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  1. #1
    Packfodding 3 caloso's Avatar
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    Hollow tech II crankset removal

    I think I already know the answer to this question, but to disassemble a DA 7800 (Hollowtech II) crankset, I need this little tool, right?

    Cyclists of the world, unite! You have nothing to lube but your chains!

  2. #2
    I have senior moments... bikinfool's Avatar
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    You do know the answer, but you could improvise, too. I just keep a couple TL-FC16s around, in my home and mobile tool kits and in my backpack (had a few from buying a few cranks anyways, they're cheap if you need to buy one). If I couldn't find one I'd probably grab my spreading pliers.
    suum quique
    Mountain bikes: Santa Cruz Hecklers (99, 02, 07), Santa Cruz Nomad, Moots YBB, Trek OCLV Pro Issue, American Breezer
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  3. #3
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    i just used a needle nose plier. works well because you dont need massive torque

  4. #4
    cab horn
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    Quote Originally Posted by reptilezs View Post
    i just used a needle nose plier. works well because you dont need massive torque
    You risk marring the cap that way. It's a dura ace crank, you should be able to afford the $2 plastic tool
    Mes compaingnons cui j'amoie et cui j'aim,... Me di, chanson.

  5. #5
    Senior Member CACycling's Avatar
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    Or buy one of these
    http://www.nashbar.com/bikes/Product...2_10000_201508
    and you are covered for the BB cups as well.

  6. #6
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    Quote Originally Posted by operator View Post
    You risk marring the cap that way. It's a dura ace crank, you should be able to afford the $2 plastic tool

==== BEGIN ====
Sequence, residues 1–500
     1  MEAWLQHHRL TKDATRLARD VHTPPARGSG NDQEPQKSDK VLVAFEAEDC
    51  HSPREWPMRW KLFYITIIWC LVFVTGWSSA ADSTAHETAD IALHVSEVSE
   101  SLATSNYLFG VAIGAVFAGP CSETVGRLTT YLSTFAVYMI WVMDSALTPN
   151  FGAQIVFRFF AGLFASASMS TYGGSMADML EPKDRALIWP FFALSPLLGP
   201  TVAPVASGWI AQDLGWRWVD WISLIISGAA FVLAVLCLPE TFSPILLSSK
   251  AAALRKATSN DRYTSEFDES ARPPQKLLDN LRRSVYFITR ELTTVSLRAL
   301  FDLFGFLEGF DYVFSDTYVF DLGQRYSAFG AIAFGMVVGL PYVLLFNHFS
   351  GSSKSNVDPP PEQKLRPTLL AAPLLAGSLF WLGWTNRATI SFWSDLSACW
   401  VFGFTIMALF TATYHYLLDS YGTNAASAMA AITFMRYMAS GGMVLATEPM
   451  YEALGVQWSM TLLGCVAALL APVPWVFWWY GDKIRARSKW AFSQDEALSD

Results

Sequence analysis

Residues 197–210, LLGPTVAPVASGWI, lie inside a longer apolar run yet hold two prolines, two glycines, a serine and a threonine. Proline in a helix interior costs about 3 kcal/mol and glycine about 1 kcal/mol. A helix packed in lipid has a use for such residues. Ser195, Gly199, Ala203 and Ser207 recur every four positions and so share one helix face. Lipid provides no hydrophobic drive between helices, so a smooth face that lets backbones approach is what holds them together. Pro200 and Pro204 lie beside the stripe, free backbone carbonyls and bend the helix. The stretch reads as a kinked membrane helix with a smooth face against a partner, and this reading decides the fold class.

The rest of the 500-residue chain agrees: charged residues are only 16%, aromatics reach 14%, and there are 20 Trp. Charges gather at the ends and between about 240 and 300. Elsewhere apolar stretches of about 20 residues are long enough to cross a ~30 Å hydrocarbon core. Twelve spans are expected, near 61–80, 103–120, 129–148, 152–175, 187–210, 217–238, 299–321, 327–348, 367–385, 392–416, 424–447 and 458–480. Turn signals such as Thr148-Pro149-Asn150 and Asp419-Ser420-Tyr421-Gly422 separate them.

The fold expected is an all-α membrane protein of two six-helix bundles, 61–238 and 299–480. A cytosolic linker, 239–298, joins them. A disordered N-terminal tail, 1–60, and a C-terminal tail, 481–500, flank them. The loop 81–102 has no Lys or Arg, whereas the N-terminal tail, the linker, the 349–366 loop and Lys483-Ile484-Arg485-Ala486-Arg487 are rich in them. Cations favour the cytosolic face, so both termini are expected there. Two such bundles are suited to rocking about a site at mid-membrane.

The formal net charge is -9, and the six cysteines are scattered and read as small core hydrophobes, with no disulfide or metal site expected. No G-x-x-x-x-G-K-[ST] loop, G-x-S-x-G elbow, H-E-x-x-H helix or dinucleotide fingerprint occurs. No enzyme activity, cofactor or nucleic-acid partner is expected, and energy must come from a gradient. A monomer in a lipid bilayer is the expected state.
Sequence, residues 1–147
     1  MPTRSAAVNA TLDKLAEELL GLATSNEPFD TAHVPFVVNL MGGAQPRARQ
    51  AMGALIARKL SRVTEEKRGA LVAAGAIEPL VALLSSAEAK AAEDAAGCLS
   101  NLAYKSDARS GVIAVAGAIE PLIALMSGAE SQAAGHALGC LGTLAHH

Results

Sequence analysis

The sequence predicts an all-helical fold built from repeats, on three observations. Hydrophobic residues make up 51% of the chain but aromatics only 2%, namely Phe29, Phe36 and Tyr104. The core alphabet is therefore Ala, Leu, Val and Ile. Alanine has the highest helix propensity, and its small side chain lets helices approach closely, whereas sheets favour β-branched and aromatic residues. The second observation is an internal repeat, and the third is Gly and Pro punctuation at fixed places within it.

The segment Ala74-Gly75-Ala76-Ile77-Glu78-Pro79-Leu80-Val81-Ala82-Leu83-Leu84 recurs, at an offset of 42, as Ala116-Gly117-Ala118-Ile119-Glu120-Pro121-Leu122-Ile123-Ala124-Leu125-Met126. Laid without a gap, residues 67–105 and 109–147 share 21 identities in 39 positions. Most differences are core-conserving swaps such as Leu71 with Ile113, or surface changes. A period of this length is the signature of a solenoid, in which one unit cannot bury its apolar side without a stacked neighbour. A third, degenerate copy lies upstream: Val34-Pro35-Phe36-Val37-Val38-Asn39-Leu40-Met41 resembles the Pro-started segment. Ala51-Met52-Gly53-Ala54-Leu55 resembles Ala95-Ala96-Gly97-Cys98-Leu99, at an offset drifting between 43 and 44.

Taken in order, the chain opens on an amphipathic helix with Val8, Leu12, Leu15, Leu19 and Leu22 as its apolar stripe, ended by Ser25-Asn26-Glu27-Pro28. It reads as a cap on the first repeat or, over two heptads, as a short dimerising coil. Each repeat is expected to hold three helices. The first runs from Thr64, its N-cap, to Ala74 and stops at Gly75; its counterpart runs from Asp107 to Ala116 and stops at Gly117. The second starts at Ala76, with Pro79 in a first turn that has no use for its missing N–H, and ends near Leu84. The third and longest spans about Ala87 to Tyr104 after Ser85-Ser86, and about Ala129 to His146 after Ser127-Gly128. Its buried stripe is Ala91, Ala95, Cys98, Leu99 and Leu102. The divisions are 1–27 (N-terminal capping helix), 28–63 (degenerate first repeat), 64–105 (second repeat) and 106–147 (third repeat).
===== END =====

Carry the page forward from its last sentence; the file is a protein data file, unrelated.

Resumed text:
+1

  7. #7
    Packfodding 3 caloso's Avatar
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    Yeah, I think I may be able to scrape enough to buy the tool. I was just trying to save myself a trip to the bike shop. Of course, Shimano could have made it a standard hex head, but that would be much too easy, wouldn't it?
    Cyclists of the world, unite! You have nothing to lube but your chains!

  8. #8
    cab horn
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    Quote Originally Posted by caloso View Post
    Yeah, I think I may be able to scrape enough to buy the tool. I was just trying to save myself a trip to the bike shop. Of course, Shimano could have made it a standard hex head, but that would be much too easy, wouldn't it?
    Dunno, a standard hex might result in a heavier cap? But then again that cap is useless once the arms are torqued down anyways...
    Mes compaingnons cui j'amoie et cui j'aim,... Me di, chanson.

  9. #9
    Packfodding 3 caloso's Avatar
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    So, its function is like the top cap on a threadless stem? Just sets the bearing load and then it's essentially a dust cap?
    Cyclists of the world, unite! You have nothing to lube but your chains!

  10. #10
    cab horn
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    Quote Originally Posted by caloso View Post
    So, its function is like the top cap on a threadless stem? Just sets the bearing load and then it's essentially a dust cap?
    Correct
    Mes compaingnons cui j'amoie et cui j'aim,... Me di, chanson.

  11. #11
    Bill
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    Be sure to loosen the bolts (6) before trying to loosen 5 or it will take lots of torque. Remember you're doing it in reverse order from the steps shown.
    [SIGPIC][/SIGPIC]
    Eventually you will reach a point when you stop lying about your age and start bragging about it. - Will Rogers

  12. #12
    Great State of Varmint Panthers007's Avatar
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    And this explains my feelings towards Shimano - which can't be printed in a family publication.
    How do you keep an idiot in suspense?

  13. #13
    Senior Member Tunnelrat81's Avatar
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    Quote Originally Posted by Panthers007 View Post
    And this explains my feelings towards Shimano - which can't be printed in a family publication.
    It could be that they realized how easily these new external bearing crank sets could be stolen with standard tools...and although this doesn't make it any harder, it may not be quite so obvious. Although this theory stumbles when you realize that most thieves probably have all the proper tools and knowledge.

    -Jeremy

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